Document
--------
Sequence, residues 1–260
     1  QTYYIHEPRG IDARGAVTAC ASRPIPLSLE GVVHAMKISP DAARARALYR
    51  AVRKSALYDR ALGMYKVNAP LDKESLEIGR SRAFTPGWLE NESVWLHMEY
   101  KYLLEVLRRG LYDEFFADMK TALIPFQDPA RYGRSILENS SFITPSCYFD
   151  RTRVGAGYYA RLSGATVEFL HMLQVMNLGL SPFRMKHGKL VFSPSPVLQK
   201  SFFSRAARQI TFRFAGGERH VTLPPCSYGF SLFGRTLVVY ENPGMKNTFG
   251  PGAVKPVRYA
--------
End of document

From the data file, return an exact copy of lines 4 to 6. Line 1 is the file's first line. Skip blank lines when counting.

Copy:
   101  KYLLEVLRRG LYDEFFADMK TALIPFQDPA RYGRSILENS SFITPSCYFD
   151  RTRVGAGYYA RLSGATVEFL HMLQVMNLGL SPFRMKHGKL VFSPSPVLQK
   201  SFFSRAARQI TFRFAGGERH VTLPPCSYGF SLFGRTLVVY ENPGMKNTFG